Adult learners who need to develop basic skills can participate in activities within their zone of proximal development to build their sense of self efficacy, and have experiences of mastery with concepts or skills that might at first seem untenable. I'd say that V's theory is really central to work in adult literacy, at least for me. I like to use shorter more difficult readings to push students' ability to interpret a text in small doses, or present a multi-step math activity that asks them to perform calculations, but also draw conclusions from their results. I'll post some samples of this type of work if you want to check them out.
In Bridge class planning, we do a lot of research to find materials that provide opportunities for students to engage with texts, data and visuals that might be slightly outside students' usual discourse, but that connects to their career or post secondary plans. Even so, I think the ZPD is the place to reach after some preliminary generating prior knowledge and "buy in" activities that promote a spirit of inquiry around a guided line of questioning.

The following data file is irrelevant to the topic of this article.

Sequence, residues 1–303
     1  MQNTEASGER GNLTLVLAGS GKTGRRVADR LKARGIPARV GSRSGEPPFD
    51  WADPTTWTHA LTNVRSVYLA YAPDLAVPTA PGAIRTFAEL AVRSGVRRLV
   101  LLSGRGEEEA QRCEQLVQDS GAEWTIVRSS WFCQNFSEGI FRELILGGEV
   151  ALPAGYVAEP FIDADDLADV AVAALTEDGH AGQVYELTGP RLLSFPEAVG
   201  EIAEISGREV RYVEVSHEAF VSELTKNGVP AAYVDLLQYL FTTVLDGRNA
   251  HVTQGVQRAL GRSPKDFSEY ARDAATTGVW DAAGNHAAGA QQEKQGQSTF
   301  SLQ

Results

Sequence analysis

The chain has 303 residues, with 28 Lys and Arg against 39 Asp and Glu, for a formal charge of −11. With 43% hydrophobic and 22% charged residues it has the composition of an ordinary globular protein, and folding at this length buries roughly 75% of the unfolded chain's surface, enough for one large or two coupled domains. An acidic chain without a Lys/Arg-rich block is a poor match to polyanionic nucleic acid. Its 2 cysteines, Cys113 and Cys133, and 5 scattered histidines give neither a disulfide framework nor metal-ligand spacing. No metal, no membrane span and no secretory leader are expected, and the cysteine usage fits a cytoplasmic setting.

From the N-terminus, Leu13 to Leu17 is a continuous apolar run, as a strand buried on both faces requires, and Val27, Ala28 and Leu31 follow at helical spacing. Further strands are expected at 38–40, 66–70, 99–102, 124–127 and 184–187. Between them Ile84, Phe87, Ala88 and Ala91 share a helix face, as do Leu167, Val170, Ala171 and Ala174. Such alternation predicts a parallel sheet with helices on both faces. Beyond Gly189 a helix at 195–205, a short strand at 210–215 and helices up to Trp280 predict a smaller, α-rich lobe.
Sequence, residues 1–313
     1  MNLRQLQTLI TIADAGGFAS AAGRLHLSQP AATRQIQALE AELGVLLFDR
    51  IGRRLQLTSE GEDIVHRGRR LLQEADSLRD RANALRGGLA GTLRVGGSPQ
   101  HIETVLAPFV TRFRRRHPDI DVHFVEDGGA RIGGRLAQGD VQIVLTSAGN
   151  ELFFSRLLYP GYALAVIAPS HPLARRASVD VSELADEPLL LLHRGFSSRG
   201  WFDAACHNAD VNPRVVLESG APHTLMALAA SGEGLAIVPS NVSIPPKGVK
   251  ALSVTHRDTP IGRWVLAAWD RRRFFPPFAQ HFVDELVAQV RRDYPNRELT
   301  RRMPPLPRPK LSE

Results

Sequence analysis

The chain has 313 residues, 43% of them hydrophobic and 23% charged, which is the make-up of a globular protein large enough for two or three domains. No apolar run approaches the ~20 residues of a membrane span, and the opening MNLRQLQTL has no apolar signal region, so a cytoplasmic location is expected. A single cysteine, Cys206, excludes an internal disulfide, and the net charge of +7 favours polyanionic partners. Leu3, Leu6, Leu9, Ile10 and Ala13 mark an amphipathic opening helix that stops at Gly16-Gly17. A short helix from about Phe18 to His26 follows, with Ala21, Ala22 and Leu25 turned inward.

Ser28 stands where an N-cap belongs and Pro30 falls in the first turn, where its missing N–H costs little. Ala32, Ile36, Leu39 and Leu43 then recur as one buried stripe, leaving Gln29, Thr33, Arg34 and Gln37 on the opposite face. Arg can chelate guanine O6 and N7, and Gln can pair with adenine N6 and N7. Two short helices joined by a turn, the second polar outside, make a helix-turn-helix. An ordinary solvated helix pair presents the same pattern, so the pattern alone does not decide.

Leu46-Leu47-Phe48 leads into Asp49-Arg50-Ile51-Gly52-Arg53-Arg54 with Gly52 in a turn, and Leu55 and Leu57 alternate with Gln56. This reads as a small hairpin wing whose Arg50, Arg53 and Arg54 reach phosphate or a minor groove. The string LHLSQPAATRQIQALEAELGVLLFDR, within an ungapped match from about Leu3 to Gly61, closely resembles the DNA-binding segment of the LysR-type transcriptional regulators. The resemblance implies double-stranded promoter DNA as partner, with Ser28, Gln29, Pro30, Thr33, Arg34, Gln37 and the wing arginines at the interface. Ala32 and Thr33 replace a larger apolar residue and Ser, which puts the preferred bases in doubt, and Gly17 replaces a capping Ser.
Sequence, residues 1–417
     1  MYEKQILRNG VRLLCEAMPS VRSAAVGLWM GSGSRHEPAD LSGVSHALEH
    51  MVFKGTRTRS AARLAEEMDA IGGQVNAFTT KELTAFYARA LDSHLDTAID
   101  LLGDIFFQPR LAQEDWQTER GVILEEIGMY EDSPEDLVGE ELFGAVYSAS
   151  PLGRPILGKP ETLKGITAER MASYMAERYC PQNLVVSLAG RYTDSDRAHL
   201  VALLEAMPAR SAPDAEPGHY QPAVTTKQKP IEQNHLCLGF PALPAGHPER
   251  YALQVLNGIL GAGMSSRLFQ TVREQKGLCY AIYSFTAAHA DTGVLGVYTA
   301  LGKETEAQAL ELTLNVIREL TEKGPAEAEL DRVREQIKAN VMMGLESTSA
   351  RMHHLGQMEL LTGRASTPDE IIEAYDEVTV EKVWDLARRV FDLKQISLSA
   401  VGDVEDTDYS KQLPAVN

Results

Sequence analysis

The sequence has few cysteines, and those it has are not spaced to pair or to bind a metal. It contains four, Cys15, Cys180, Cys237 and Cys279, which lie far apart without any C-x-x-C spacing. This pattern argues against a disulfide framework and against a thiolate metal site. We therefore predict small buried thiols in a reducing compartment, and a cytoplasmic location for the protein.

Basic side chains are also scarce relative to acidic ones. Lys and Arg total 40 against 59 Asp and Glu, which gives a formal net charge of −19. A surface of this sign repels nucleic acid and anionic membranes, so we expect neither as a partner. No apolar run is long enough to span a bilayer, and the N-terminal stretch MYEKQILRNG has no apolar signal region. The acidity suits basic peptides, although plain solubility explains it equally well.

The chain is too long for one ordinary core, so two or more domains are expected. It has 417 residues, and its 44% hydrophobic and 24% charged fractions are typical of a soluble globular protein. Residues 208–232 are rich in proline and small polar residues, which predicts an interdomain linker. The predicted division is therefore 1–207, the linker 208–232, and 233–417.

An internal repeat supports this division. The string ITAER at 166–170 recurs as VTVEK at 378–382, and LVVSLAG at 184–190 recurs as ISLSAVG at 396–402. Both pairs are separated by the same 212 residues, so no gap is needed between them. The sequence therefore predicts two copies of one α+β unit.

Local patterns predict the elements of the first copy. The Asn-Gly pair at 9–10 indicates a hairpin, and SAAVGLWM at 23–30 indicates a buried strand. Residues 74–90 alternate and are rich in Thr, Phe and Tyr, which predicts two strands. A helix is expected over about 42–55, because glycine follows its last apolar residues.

The zone of proximal development can definitely exist in these virtual spaces---transferring successful activities that might have been completed on paper to a shared public space online is one way to challenge students' boundaries around academic engagement and introduce a larger context for coursework. I guess I am interested in finding ways to use Web 2.0 push the limits of students' analytical toolbox, and provide new opportunities for them to demonstrate or re-present their skill sets.
Also, have you heard about Webb's depth of knowledge chart?
This builds off of Bloom and Dewey's work to present levels of "Cognitive Rigor" that can help guide instructional design and lesson planning. I first encountered this model when the GED testing service announced they were going to use Webb's model to guide the design of a new test. Here's a link that explains more about Webb.